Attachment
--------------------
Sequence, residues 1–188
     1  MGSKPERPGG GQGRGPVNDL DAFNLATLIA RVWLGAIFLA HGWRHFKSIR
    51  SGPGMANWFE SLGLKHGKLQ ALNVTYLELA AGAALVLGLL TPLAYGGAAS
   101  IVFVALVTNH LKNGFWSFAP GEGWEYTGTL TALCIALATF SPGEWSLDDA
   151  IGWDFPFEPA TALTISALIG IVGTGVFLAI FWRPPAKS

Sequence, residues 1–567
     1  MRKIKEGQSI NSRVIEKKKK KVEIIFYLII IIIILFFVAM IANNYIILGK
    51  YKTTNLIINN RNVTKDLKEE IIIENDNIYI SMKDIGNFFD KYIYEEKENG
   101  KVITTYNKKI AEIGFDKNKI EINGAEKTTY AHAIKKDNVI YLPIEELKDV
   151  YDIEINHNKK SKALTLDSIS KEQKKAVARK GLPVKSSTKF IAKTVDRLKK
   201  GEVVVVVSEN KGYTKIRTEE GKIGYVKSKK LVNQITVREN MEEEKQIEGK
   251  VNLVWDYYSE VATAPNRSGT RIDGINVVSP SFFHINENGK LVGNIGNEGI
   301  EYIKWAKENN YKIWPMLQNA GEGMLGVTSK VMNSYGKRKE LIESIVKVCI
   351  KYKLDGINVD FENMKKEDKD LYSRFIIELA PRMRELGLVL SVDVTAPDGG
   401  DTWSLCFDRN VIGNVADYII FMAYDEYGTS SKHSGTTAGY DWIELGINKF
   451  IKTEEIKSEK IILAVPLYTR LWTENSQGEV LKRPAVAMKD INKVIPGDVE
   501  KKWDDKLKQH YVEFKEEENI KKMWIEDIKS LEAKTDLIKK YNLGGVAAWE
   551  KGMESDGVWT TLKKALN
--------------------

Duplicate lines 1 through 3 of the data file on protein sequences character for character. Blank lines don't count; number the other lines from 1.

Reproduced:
Sequence, residues 1–188
     1  MGSKPERPGG GQGRGPVNDL DAFNLATLIA RVWLGAIFLA HGWRHFKSIR
    51  SGPGMANWFE SLGLKHGKLQ ALNVTYLELA AGAALVLGLL TPLAYGGAAS